September 30, 2014

DIY: How to Make Crossties

Our barn appears to have never housed anything equine. As far as I can tell the inside of the barn was used for welding and woodworking. This is great, because the barn, aside from some sawdust, is very clean. Love that. As a result, I have an insulated room that was once a wood working area which will be an awesome tack room once I am done with it. Love that too. It also means I get to set it up the inside of the barn just as I like with very little tear down necessary. Really LOVE that.

The inside barn projects have been on the back burner because re-fencing the pasture has been top priority before the weather turns crummy for good. It is a big project for little old me to get done all alone during nap times and preschool. I am getting there though. However, today it has been raining. Raining a lot. So, once I wrapped up my money-earning work for the morning, I decided to use the remainder of my toddler free preschool time to do an inside the barn project.

Today I decided to make the crossties for my grooming stall. The grooming stall itself is a project for another day when I can have some help from Hubs moving and cutting boards.

To Make Crossties, Things I Used:

5/8" poly rope - length varies depending on your measurements
4 - Rope Clamps
4 - Panic Snaps
2 - Tie Rings with Plates, and 8 screws
Screw Driver / Drill
Aim 'N Flame (optional)
Measuring Tape

How I Made Crossties:

1. Install Tie Rings

Install tie rings if you don't already have them. I am installing mine between two pole barn posts that measure 10' on center.

Pick your location. This is my future grooming stall that has 10' x 10' pole barn post spacing. Crossties are going in on the interior beams.
Measure 6' (72") on your post. I always attach tie rings to posts, and only posts!
Install tie ring using four self drilling screws. Center of ring is 6' up on post.
Stand back and survey your work. Take a sip of a nice cold beverage.

Whalah! A thing of beauty. One tie ring is installed 6' up on each post. Now time to make the crossties...

2. Make The Crossties

Feed poly rope through the end of the panic snap. Set rope in rope clamp.
Using pliers close rope clamp around rope. Use a hammer to flatten rope clamp once closed. The clamp will be nice and smooth once flattened.
Measure your beam spacing and divide by two. Use this length for each of your crossties.
Once you have the length correct, repeat process with panic snaps on the other side. 
I had an old pair of panic snaps laying around from a long dead set of crossties. I simply cut them off the old ropes and re-used them for this project.
Almost done; extra length needs to be removed.
Double checking the length before cutting off the extra length. In hindsight, I should have measured before buying the rope, since I paid for it by the linear foot (wasted a few bucks here), and the farm store does a very nice job of cutting and melting the ends (made extra work for myself).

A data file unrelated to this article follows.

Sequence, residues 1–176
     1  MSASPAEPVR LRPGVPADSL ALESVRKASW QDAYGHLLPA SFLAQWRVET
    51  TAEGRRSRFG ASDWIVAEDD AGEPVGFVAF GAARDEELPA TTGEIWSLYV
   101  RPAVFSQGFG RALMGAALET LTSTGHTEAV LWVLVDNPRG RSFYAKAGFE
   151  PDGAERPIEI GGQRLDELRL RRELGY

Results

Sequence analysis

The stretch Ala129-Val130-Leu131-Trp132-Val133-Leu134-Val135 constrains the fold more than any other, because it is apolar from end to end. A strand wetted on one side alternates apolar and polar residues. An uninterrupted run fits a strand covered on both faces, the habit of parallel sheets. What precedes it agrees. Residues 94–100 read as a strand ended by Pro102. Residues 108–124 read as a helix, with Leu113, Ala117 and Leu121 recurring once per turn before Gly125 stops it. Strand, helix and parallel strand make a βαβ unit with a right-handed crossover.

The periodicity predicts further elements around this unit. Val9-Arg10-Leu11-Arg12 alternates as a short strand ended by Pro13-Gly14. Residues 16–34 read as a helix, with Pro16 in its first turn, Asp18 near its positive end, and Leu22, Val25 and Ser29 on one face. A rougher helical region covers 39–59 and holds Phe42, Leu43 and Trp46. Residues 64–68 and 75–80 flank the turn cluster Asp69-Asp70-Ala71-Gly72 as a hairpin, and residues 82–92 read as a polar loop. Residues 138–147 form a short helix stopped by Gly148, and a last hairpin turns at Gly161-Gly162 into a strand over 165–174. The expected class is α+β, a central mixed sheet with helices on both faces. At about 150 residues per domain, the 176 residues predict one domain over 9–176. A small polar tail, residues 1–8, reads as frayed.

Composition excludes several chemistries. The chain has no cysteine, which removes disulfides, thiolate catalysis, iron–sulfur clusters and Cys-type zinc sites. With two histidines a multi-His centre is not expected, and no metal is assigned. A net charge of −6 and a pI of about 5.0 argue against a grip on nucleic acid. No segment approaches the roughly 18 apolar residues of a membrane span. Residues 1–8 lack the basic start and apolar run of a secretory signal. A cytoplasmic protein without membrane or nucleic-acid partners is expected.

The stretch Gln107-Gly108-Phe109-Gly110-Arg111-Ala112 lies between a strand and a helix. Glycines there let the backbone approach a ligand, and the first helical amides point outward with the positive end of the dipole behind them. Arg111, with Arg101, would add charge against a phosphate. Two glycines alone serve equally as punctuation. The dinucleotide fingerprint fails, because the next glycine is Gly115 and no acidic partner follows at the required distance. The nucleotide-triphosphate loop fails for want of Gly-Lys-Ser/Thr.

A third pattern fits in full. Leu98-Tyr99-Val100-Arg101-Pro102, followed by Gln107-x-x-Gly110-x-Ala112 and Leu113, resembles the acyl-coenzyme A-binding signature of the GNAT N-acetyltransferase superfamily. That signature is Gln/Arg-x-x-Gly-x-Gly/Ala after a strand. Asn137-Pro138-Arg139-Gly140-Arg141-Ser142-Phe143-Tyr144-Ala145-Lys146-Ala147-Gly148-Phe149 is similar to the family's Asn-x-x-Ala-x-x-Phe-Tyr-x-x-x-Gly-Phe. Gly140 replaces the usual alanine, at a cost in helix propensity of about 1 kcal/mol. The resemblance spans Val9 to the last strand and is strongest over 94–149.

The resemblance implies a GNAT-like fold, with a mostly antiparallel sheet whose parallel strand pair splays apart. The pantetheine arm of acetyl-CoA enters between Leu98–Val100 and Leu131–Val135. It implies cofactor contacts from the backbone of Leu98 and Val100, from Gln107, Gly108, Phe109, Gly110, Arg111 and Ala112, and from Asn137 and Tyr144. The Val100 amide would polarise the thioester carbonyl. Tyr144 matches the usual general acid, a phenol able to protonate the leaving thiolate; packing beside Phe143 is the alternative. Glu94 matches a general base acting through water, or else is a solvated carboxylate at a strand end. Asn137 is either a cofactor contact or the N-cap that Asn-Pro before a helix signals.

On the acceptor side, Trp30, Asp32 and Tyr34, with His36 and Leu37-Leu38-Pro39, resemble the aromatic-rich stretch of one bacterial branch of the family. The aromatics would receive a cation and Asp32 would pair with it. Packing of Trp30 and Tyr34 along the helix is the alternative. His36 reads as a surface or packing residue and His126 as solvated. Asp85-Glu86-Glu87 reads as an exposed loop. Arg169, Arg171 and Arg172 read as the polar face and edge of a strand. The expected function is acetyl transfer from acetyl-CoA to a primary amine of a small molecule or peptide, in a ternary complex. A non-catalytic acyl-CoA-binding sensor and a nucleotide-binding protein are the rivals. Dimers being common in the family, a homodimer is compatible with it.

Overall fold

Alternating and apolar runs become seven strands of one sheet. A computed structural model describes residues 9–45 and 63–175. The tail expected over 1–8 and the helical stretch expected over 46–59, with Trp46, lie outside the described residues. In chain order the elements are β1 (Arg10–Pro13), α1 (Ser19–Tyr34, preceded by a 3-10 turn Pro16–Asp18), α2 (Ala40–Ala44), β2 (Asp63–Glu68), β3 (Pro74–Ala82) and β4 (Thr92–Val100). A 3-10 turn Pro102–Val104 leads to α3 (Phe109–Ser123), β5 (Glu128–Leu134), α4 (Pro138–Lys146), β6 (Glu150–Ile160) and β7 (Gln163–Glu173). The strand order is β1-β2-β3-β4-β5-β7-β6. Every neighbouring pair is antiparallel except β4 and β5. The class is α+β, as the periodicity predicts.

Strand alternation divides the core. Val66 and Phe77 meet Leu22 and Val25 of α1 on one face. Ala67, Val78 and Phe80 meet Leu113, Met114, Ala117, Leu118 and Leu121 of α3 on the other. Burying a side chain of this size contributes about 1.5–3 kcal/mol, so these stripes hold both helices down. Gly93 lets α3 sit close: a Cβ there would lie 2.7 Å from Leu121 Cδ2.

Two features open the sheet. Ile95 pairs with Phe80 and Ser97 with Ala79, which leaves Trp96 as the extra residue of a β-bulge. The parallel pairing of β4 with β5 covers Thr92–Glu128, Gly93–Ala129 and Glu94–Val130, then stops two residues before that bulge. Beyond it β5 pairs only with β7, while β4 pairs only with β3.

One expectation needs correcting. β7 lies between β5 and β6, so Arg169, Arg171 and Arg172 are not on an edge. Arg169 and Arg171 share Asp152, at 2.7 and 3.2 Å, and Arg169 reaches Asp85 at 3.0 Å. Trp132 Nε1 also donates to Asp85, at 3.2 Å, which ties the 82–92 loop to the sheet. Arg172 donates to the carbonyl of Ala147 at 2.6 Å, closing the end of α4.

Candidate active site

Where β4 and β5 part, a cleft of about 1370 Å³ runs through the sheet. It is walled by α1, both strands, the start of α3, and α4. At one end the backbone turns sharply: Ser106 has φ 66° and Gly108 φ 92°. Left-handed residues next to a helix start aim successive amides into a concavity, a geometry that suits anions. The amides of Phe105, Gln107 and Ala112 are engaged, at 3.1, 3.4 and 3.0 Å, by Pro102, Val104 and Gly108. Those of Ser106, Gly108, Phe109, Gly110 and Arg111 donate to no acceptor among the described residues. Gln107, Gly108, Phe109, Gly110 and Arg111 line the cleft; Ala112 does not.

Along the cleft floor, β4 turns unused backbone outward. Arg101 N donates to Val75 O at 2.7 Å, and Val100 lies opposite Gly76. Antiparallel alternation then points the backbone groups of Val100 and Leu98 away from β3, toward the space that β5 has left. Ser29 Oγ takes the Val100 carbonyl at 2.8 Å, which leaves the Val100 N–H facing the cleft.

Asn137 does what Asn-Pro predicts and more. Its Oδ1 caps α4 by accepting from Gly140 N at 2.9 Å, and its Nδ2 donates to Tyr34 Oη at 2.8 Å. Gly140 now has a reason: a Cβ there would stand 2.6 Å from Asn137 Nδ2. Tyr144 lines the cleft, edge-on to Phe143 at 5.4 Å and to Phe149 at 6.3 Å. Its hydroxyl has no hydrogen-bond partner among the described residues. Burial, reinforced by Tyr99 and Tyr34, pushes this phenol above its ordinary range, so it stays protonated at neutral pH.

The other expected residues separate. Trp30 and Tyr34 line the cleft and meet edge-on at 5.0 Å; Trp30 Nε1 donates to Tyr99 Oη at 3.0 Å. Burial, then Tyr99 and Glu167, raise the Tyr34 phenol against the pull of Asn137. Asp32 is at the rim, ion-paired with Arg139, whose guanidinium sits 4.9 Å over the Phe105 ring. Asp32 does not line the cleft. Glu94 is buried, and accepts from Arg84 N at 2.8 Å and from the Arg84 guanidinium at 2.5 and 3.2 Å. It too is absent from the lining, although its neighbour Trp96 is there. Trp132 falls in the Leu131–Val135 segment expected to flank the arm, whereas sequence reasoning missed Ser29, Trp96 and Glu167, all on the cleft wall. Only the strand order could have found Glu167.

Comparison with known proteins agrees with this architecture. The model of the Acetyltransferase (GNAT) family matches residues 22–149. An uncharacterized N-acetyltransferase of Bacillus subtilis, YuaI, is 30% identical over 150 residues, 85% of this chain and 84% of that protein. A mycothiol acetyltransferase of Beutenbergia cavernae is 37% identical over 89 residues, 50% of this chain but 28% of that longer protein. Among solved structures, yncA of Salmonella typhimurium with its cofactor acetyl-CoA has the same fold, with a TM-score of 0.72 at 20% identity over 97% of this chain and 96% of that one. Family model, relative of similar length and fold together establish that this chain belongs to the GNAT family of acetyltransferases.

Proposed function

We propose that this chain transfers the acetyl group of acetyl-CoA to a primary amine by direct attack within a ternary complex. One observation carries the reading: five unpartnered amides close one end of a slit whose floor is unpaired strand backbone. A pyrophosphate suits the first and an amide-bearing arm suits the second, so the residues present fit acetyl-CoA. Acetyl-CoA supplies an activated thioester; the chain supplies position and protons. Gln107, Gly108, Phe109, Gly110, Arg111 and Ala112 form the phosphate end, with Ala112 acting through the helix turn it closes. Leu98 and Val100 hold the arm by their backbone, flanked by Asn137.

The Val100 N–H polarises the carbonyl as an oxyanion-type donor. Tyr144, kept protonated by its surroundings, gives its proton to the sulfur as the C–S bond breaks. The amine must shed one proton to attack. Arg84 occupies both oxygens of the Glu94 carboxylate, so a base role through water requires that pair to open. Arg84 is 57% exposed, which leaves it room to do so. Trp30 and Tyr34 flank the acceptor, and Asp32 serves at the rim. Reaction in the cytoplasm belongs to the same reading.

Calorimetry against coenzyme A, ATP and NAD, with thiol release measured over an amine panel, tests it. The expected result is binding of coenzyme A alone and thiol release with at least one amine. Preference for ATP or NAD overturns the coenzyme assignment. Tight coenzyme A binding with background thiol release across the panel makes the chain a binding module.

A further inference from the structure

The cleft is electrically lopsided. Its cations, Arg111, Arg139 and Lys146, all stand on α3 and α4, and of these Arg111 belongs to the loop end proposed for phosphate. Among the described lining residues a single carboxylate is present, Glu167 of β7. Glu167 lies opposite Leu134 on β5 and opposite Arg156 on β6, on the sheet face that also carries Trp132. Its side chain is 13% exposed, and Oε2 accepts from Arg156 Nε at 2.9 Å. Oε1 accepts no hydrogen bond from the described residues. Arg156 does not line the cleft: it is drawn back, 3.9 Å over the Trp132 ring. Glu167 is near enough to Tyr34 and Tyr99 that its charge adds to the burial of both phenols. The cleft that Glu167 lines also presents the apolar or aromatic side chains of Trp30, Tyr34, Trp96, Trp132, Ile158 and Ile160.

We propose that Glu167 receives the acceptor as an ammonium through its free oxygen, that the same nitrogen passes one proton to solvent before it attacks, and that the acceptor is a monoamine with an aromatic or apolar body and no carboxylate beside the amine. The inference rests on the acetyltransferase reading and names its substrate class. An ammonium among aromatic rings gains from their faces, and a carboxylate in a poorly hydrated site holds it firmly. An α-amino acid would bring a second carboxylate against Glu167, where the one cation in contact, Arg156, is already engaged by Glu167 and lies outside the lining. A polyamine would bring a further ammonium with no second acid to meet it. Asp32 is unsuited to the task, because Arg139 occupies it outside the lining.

Crossties touching, sans horse. This is how tight/loose I like my crossties. Any longer and horse can spin around too much.
To cut the extra length of rope off the crossties, I tightly wrapped duct tape about 1/2" from where I wanted to cut it. Then carefully cut it with a knife, and then (outside...not in the barn) I melted
the end of the rope with my Aim 'N Flame.
The finished product. Makes me smile!

So, that was my rainy day project today. I can't wait to get the boards up for the walls of the grooming stall, and a bridle and saddle rack, so that I can actually start using it! On another note, you might be wondering why I made my own crossties instead of just buying some? Well I "bought the farm" so I have to do everything I can to save a penny now. So that's one reason.

However, my main reason for making my own is quality and safety. I want well made crossties that only have panic snaps. I hate that people always put the panic snaps on the horse's halters instead of on the tie ring. Panic snaps must be on the tie ring, otherwise they are useless in a panic situation! To avoid that from happening, it is just easier to have all panic snaps. End of debate.

I also wanted crossties made of good polyrope, not some flimsy nylon strapping or other bungy material. I've just had too many bad experiences with those types of crossties. Also, by making my own I could pick what color I wanted them to be. Our local farm store had a surprisingly huge selection of color and pattern. I am lame of course though, and like all things black, so I passed up the cool ropes for solid black.

Then of course there is cost. I am sure I could buy crossties that would fit my post spacing and have panic snaps on both ends. But how much would that cost to order and ship? Probably a lot more than the $19 in material this project cost me (it would have been $17 if I had measured for my poly rope before buying it; lesson learned there).

Happy trails and swooshing tails!

1 comment:

  1. They look great! I love making my own stuff. This is how I made my driving reins. :)



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